How Much Money Is in Scrap Metal Collection?

How Much Money Is in Scrap Metal Collection?
  • Opening Intro -

    Mining new metal is something we try to avoid at all costs.

    It’s an expensive, laborious, and resource-intensive process that’s as hard on workers as it is on the planet.


By recycling existing metal products, however, we can reduce the need to mine ores for new metal products. This process begins at your local scrapyard, where dedicated recyclers obtain and resell scrap metal to keep the materials in circulation. Scrappers make money in this business, and you can make some money on scrap metal yourself.

Scrap metals are commodities, and the values of commodities shift by the day. However, within some general parameters, we can give you a basic idea of how much money is in scrap metal collection in the second quarter of 2021.

Ferrous Metals

Most scrap yards deal extensively in iron and steel. These are some of the most plentiful metals in construction and manufacturing due to their strength and versatility. However, their plentiful nature and the fact that they’re subject to corrosion tend to devalue iron and steel when it comes to resale prices.

In April 2021, cast iron will sell for about $200 a ton or $0.10 a pound. Steel prices have taken a tumble after the pandemic slowed construction, but they’re on the rebound at around $180 per ton.

Non-Ferrous Metals

You can show up to a yard with half a ton of steel scrap and still not walk away with much money in your pocket. The real money is in the non-ferrous metals: metals that don’t share iron’s natural magnetism nor its susceptibility to corrosion.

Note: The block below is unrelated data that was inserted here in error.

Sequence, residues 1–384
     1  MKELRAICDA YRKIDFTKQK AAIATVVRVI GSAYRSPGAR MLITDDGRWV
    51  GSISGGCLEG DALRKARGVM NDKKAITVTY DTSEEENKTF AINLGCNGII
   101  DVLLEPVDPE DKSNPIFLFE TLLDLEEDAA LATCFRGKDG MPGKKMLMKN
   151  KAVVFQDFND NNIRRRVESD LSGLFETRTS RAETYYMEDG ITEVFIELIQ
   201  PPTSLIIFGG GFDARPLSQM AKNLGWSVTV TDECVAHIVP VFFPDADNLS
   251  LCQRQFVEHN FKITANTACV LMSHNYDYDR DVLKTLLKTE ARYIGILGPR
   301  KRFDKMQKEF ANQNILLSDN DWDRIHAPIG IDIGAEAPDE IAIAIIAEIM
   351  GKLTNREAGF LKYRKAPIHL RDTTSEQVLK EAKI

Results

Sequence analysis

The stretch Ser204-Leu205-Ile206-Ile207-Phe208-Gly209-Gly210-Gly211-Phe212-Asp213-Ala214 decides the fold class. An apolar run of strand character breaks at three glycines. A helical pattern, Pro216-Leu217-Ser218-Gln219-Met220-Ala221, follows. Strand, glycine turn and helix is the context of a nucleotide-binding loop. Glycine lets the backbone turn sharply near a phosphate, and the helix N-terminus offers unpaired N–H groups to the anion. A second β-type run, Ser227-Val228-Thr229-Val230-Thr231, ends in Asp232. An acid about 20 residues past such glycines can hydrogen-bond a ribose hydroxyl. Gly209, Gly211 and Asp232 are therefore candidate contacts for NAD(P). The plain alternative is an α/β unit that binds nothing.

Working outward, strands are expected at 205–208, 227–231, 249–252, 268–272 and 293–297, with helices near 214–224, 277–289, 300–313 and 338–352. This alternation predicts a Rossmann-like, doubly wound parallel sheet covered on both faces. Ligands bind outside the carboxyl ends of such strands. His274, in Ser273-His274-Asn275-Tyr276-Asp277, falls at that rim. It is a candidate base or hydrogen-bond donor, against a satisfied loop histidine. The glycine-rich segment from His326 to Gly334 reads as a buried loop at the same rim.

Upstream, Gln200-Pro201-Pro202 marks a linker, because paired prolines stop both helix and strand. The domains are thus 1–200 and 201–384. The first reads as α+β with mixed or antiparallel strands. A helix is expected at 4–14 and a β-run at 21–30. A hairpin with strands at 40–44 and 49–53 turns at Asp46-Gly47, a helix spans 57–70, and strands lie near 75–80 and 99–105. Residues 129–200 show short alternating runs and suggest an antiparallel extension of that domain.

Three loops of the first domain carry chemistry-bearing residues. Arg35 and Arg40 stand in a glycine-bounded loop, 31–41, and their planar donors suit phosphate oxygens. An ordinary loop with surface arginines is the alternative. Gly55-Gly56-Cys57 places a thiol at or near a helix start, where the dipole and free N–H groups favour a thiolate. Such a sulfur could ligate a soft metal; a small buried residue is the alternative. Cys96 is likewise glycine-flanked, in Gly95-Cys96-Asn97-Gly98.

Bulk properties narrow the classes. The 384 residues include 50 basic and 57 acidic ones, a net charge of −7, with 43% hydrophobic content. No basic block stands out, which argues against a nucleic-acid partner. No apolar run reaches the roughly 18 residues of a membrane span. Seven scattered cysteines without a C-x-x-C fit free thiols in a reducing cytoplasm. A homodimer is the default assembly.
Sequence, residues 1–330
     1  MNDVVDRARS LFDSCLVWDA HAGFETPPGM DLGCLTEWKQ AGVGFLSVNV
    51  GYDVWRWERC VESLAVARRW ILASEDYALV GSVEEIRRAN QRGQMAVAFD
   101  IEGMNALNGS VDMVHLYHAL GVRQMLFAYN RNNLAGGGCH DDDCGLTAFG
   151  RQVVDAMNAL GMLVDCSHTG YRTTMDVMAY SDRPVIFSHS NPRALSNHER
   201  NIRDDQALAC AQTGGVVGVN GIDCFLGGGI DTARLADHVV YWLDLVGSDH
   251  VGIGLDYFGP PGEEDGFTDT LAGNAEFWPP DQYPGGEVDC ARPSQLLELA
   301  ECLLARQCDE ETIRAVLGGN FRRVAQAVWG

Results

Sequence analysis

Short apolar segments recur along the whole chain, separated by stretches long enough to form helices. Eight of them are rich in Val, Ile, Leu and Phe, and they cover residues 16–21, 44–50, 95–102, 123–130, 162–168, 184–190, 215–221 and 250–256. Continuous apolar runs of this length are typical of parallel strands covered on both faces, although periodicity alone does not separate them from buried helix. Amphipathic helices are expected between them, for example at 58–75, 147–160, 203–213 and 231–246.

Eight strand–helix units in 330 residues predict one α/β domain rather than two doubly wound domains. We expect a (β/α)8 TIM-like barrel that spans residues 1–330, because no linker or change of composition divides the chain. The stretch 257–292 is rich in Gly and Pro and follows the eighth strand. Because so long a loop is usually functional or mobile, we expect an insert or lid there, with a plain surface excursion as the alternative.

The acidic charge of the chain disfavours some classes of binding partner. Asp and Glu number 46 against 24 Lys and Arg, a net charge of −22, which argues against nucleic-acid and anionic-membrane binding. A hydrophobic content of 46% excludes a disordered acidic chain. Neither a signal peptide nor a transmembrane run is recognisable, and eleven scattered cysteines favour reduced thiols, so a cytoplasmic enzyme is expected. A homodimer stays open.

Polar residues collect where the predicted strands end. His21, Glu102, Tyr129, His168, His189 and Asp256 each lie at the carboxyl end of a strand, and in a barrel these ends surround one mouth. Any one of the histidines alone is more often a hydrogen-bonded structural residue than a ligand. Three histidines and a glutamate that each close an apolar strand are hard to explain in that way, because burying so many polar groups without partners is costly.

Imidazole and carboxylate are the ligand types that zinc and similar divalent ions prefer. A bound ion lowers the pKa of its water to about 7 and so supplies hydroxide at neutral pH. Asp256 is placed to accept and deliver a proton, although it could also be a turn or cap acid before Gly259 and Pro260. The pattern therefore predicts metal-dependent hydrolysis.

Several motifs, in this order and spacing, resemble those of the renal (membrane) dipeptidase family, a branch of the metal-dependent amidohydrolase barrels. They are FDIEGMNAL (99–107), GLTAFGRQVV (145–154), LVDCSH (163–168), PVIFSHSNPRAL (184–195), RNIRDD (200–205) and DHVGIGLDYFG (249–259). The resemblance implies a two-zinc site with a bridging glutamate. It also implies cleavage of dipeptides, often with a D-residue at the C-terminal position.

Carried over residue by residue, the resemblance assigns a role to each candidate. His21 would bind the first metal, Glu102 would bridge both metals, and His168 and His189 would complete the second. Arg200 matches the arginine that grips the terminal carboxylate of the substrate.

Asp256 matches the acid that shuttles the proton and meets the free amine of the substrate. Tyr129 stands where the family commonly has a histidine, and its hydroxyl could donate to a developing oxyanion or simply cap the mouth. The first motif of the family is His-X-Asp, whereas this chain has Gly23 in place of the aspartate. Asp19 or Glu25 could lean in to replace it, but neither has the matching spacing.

One pernicious myth about the industry claims that you won’t make money with any metal. You’ll find out just how much money is in scrap metal collection if you can trade these metals for cash. If your business works with metals, or a renovation of your commercial space has left some scrap aside, consider cashing in.

  • Copper is worth between $3 and $3.50 per pound at most recyclers, depending on its form—”bare bright” wire is the most prized form of copper, though piping and decorative roofing still carry a high value.
  • Brass and bronze, the copper alloys, have slightly lower values, but they’re still worth far more per pound than ferrous metals. This year, bronze is selling for around $2 a pound in most products, while brass, most commonly part of old plumbing fixtures, has ranged from $0.65 to $1.75 per pound depending on quality.
  • Manufacturers value aluminum for its lightness and malleability. Scrap metal collectors have been receiving between $0.40 and $0.50 per pound for aluminum siding, castings, and sheets, while everyday consumers can enjoy those resale values for aluminum cans. As any college student knows, those cans can add up fast.
  • Handle lead with care, but recognize that you can receive around $0.50 to $0.60 per pound for this dense but highly malleable metal. You may find lead plumbing piping in your home that you wish to replace. This helps recoup the costs of replacement and installation.

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